'New low in trade relationship,' expert says of Canada-U.S. tariff showdown
Jeff Lagerquist, CTVNews.ca Staff
Published Tuesday, July 3, 2018 11:27AM EDT
Only time will tell how Canada’s major manufacturing hubs will stand up against punishing tariffs on goods shipped to the U.S., according to a Harper-era trade insider betting that American rivals are better prepared to withstand a trade war with no end in sight. Even now that Ottawa has struck back with levies of its own.
Canada’s $16.6 billion slate of retaliatory tariffs on U.S. goods officially kicked in on Sunday -- a 25 per cent surtax on more than 100 steel and aluminum products, and a 10 per cent surtax on more than 70 other categories of goods.
“It just goes to show how much of a new low we have reached in the Canada-U.S. trade relationship,” Adam Taylor, now the principal and co-founder at the boutique trade firm Export Action Global, told CTV’s Your Morning on Tuesday.
While Ottawa’s response to Washington’s steel and aluminum tariffs on shipments crossing its border are meant to mirror the economic impact in both countries, Taylor anticipates the consequences of a drawn-out conflict will be far more serious in Canada.
He points to manufacturing hubs across the country, particularly in Quebec and Ontario. Those regions, he says, are so heavily depended on U.S. demand for everything from Canadian-made cars, aircraft and food, that nearly 50 per cent of their gross domestic product comes from south of the border.
“By contrast, in states like Michigan and Vermont, those are the two states that have the biggest driver of trade with Canada, and it’s still less than 20 per cent,” Taylor said. “It just goes to show, in a trade war, Canada is ultimately the one to lose.”
It’s tough to know if it is in fact U.S. President Trump’s strategy to engage in a long fight with Canada, hoping Ottawa cries “uncle” first. What can be seen is his willingness to ignore those who insist he and his administration are charting the wrong course on the trade file.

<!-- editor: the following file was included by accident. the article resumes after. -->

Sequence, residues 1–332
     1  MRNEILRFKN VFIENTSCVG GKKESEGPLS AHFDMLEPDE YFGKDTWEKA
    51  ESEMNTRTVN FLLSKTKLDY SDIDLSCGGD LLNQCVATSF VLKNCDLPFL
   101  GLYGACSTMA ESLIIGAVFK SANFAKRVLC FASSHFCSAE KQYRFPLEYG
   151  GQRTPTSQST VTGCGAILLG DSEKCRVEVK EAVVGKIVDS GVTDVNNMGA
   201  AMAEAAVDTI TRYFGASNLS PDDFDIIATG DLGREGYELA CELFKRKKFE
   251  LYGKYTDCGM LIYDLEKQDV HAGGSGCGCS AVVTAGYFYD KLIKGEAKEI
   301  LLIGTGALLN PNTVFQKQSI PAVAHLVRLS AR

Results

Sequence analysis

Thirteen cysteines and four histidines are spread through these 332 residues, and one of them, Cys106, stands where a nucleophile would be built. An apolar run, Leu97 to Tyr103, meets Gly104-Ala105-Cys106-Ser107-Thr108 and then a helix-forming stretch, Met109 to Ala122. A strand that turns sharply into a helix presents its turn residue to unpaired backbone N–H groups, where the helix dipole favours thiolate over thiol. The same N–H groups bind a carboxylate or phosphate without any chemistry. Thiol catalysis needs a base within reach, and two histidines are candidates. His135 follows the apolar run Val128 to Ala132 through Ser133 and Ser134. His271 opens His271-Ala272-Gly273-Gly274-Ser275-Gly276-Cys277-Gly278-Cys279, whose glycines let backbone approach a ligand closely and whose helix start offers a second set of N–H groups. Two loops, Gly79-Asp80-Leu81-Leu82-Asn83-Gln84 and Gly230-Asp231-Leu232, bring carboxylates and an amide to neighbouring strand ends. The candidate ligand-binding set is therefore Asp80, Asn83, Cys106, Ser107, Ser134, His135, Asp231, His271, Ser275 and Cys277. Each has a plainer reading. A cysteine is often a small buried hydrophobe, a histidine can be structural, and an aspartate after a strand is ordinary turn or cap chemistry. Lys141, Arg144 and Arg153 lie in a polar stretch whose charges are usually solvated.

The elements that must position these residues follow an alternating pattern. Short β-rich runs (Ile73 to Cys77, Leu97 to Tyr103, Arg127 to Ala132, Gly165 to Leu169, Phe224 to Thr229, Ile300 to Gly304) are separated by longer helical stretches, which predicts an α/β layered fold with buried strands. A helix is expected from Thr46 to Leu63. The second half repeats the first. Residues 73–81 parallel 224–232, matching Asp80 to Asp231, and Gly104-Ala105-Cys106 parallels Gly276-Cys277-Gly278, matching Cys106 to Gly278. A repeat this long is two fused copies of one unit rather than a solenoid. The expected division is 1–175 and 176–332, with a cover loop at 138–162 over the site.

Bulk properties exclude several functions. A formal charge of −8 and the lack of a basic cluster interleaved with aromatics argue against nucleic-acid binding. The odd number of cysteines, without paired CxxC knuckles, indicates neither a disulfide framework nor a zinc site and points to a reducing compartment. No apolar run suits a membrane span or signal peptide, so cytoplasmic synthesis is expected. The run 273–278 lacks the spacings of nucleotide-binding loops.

The U.S. Chamber of Commerce, the nation’s largest business lobbying group, warned on Monday of the dangers to the U.S. economy in a report that broke down the individual risks for every state.
“Tariffs imposed by the United States are nothing more than a tax increase on American consumers and businesses -- including manufacturers, farmers, and technology companies -- who will all pay more for commonly used products and materials,” the group wrote in the report. “This is the wrong approach, and it threatens to derail our nation’s recent economic resurgence.”
On Tuesday, Trump boasted on Twitter about the strength of the U.S. economy that emerged prior to his administration’s efforts to “fix some of the worst and most unfair Trade Deals every made by any country” and suggested new agreements are “coming along very well.”
While the war of words between Trump and various trade observers rages on, Taylor expects Canadian grocery shoppers will be noticeably wounded in the wallet in a mere matter of days.
“In the next few days and in the next few weeks, we certainly will pay more,” he said. “This is one of the problems with these types of trade wars. We are making it more expensive for things to come into our country, which inevitably will impact the bottom lines, and the prices people pay at the grocery store.”